Just north of Akumal, Mexico and south of Playa del Carmen, my husband and I met an Australian couple on motorcycles. We parked next to them at the supermarket and as I waited for my husband to go find some guayabas, the country stickers on their motorcycles caught my eye. Could they be traveling the world on their motorcycles? Sure enough, they left Australia for Indonesia six years ago and have since been to 100 countries around the world and have “100 to go,” foregoing only Iraq, Afghanistan and Burundi as they were told to avoid those by people in the border regions out of security concerns. In Niger they got caught in a coup and couldn’t leave the country. They were told not to pass through Eastern Mali due to Al Qaeda and chose a different route into Mali instead.
They camped everywhere they went. Had they ever had any problems camping anywhere, I asked? Never, not once had they experienced crime in any country. They had minor complications, but never things that made them want to go home, Trisha told me, like a drunk border guard in Gabon that didn’t want to let them pass and asked for their bikes, appendicitis in Lao. When my husband asked if they had any favorite countries or ones that stuck out, Billy responded, “The Islamic world. The kindness of the people was unparalleled of anywhere we went. We were in Iran over two months and we could tell you such amazing stories. People bringing us food and water to our tent. The kindness was like that all over the Arab world.”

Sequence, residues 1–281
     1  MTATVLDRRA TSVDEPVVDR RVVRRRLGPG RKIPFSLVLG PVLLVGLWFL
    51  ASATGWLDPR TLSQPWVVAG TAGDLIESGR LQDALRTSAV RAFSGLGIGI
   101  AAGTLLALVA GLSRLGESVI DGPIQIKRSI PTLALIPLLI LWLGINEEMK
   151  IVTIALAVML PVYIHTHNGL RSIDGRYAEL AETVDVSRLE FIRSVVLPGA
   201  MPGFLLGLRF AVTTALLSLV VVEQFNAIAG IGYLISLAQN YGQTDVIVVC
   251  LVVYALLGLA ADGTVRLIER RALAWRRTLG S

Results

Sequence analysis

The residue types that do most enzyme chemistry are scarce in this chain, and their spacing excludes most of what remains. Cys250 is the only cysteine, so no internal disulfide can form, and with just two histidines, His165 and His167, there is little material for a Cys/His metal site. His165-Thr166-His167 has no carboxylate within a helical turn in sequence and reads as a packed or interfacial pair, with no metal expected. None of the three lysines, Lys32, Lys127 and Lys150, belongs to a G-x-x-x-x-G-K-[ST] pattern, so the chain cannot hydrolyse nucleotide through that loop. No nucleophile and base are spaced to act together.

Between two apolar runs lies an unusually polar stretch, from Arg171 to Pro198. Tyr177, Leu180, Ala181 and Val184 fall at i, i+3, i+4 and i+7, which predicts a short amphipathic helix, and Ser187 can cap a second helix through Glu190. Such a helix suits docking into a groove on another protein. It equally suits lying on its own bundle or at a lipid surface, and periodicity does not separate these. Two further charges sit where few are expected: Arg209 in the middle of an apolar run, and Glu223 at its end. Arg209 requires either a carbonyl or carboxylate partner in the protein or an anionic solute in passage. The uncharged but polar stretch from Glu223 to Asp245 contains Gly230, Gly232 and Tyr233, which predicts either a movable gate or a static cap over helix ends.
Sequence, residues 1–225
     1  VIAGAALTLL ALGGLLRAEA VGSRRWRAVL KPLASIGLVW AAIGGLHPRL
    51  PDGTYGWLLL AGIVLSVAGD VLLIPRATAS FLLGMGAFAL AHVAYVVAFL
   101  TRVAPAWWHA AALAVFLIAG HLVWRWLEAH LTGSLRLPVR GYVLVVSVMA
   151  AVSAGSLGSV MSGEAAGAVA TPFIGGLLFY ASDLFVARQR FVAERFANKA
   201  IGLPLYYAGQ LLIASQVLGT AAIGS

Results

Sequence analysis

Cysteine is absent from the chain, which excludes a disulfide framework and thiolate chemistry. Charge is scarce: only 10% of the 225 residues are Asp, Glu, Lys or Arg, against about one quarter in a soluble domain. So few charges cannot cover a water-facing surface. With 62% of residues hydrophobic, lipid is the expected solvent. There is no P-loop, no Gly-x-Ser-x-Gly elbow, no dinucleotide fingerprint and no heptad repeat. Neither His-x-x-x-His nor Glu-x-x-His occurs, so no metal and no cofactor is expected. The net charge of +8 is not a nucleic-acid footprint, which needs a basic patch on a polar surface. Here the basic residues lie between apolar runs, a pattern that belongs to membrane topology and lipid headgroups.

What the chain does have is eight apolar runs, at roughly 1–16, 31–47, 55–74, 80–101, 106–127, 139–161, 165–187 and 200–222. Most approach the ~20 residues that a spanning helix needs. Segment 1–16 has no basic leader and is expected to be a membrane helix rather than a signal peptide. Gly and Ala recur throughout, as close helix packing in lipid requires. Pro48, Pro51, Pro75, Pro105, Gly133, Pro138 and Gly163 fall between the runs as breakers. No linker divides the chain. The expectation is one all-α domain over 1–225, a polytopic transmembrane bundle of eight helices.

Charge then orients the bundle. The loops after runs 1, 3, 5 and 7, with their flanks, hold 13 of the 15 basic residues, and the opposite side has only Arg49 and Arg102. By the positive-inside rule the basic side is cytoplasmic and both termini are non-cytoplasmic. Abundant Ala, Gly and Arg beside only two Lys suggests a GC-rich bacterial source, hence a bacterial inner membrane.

Trisha continued, “People live their religion, they’re not just about ‘go to church on Sunday,’ and you see it in how they treat people, with such kindness and honesty.”
She was a former teacher in indigenous regions of Australia and they were lovers for almost 20 years, before breaking up a few years ago while on the road. They obviously remained close friends, “because how would I ever find someone like him that wants to do this sort of thing with me?”
But how did they make it work to travel for that long? Did they just save up for a long time, I wondered. Not so much. They survived on savings of $10,000 per year as they camped and only ate out of supermarkets, not restaurants. In countries that were cheap, they got a hotel. In Bolivia they paid $10/night for a room. In Southern Morocco they shared a story of a hotel owner who decided that after they stayed one month, he would give them the second month half price and refunded half their payment from the first month too. They were stunned at his generosity and willingness to refund them the first month.
As we drove away, my husband was silent and told me that Billy had said something that really affected him.
My husband shared what he said: “When I am old, no one will want to know how much money I have. They will want to know stories from the places I have traveled.”